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Mars Rover Team Weary But Hanging In After 900 Sols

One more frame of Spirit's McMurdo Panorama, taken on the slopes of McCool Hill in the Gusev region of Mars, on sol 902 of the rover's 90-sol mission. Image credit: NASA/JPL/Cornell
by Phil Berardelli
Space Daily US Editor
Washington DC (SPX) Jul 25, 2006
In terms of "going and going and going," the Energizer Bunny has nothing on NASA's twin Mars Exploration Rovers. Originally designed to operate in the harsh environment of the red planet for 90 sols, or Martian days, Spirit recently passed its 900th sol, and Opportunity will reach that mark within two weeks.

The elation by the mission-control team at NASA's Jet Propulsion Laboratory in Pasadena, Calif., at the successful landings and spectacular performances of the rovers eventually gave way to the sense that they were gathering a scientific bounty of unprecedented proportions.

Instead of an intense but temporary experience, the daily operations of managing the rovers - and receiving and processing their images and data - have taken on the routine of a cottage industry.

The mission team has had to adjust to the rigors of working according to the Martian sol, which is 24.66 hours long. Scientists and engineers also have had to put other projects on indefinite hold, as the rovers carry on.

Steve Squyres of Cornell University in Ithaca, N.Y., who is principal investigator for the Mars rover mission, updated SpaceDaily on activities and morale at JPL:

SD: Could you comment on the fact that the rovers are at 900 sols and still seeming indefatigable?

SS: We're stunned, of course. Having them last 10 times longer than we planned is something none of us could have imagined at the start of the mission. We're so far into the mission now that every day feels like a gift. So we just push them as hard as we can every day, and hope that they'll still be there when we come in the next morning.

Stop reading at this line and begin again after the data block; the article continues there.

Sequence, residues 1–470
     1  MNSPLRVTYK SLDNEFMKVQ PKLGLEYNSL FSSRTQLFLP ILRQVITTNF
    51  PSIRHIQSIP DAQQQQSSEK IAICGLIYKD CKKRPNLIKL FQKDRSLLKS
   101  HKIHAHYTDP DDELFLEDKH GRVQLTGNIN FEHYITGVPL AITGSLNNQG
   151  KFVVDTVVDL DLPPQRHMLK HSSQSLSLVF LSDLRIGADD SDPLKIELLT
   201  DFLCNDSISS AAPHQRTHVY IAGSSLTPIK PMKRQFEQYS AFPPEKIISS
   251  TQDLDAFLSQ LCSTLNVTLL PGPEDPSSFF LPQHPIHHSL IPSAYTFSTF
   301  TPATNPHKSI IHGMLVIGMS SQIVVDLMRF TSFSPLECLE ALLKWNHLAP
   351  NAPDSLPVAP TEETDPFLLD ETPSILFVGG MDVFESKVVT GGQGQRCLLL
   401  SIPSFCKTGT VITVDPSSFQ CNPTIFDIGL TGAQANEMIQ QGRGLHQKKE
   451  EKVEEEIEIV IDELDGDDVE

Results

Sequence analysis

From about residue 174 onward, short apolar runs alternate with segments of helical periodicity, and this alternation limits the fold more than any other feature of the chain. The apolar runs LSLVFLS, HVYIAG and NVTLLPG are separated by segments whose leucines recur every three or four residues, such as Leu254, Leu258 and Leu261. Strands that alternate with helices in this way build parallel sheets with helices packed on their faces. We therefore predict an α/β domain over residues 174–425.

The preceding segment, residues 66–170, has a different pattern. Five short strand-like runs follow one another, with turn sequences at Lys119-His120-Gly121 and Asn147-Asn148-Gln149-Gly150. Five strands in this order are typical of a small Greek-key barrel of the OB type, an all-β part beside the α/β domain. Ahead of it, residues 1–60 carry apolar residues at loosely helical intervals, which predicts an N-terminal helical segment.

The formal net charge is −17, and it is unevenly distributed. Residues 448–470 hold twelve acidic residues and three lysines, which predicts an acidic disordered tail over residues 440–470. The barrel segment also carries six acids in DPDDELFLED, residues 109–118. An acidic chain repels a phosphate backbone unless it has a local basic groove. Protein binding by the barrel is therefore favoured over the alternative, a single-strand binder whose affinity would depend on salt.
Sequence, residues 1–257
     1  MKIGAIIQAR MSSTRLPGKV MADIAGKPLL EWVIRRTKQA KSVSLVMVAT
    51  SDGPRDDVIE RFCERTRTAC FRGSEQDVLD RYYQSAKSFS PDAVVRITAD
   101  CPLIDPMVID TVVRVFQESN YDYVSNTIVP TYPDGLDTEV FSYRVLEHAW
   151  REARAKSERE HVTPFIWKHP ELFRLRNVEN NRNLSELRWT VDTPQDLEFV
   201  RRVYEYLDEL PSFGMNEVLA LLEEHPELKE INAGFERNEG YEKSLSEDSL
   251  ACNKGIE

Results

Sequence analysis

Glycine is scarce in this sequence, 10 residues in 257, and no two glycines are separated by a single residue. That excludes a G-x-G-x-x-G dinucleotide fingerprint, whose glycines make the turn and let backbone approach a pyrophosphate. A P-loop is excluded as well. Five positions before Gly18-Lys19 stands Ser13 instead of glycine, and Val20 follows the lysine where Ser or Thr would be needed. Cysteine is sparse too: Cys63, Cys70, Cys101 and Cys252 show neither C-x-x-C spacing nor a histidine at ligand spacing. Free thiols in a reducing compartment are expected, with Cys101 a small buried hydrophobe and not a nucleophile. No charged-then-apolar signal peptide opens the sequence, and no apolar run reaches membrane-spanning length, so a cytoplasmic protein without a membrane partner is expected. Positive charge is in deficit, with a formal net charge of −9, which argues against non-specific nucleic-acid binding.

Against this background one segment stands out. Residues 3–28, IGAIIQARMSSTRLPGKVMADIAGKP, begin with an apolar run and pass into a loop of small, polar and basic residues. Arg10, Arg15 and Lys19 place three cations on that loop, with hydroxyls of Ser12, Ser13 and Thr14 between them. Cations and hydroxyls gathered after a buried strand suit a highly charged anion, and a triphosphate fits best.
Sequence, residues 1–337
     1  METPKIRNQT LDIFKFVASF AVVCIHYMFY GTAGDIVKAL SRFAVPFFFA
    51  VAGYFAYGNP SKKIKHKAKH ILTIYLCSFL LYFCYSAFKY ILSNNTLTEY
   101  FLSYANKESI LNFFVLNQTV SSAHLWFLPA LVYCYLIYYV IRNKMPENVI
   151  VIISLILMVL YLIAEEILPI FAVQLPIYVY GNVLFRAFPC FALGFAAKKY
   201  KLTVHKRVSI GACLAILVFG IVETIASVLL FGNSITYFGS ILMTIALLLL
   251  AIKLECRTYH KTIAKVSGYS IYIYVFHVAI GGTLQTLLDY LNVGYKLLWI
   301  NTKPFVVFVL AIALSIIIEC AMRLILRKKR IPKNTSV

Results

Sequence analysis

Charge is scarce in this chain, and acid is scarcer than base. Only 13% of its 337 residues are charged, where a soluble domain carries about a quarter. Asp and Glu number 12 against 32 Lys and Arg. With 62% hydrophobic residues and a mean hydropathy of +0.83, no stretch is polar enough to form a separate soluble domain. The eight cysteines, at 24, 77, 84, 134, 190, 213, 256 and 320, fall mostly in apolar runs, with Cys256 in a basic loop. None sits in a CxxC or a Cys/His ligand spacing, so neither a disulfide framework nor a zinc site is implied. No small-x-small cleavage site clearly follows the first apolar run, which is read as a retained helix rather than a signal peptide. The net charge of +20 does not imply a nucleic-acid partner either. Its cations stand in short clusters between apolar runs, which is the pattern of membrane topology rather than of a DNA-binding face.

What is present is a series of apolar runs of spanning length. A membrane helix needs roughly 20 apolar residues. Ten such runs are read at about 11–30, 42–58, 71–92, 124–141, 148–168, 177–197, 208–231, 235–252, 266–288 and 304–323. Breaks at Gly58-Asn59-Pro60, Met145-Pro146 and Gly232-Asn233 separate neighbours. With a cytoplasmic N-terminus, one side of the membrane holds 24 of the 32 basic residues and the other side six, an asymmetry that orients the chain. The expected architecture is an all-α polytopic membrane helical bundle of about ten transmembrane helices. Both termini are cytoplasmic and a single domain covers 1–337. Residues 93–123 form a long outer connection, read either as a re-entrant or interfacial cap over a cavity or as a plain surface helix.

SD: How are you guys holding out?

SS: We're tired! The rovers are priceless, and we can't just decide that we're tired and let them sit for a week doing nothing while we all go to the beach. So we have to keep pushing. But we're holding up OK, and I think we've got a way of operating them now that will be sustainable for the long term - however long that turns out to be.

SD: Just as important, how's the funding holding out?

SS: Fine. At the moment we're funded through September 2007.

SD: So you all plan to keep going as long as the rovers do.

SS: That's the plan.

SD: Is there any danger that Spirit would become permanently stuck if it stays in the same spot through the winter?

SS: We don't think so. It's not like a car where you have liquid lubricants, the potential for rust, and so forth. So we don't expect anything to seize up. Once we're done taking the big McMurdo Panorama - which is nearly done now - we're talking about trying a few small rover moves to bring some new targets within reach of the arm.

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Sunning Frozen Soil Could Answer Martian Life Question
Pasadena CA (SPX) Jul 24, 2006
Pasadena CA (SPX) Jul 24, 2006 The answer to the question about life on Mars may very well come from analyzing an unsuspecting source - the soil, specifically the icy layer of soil underneath the red planet's surface. By analyzing the properties of Mars frozen layer of soil during NASA's next lander mission, scientists will be able to better understand and theorize about life on Mars.

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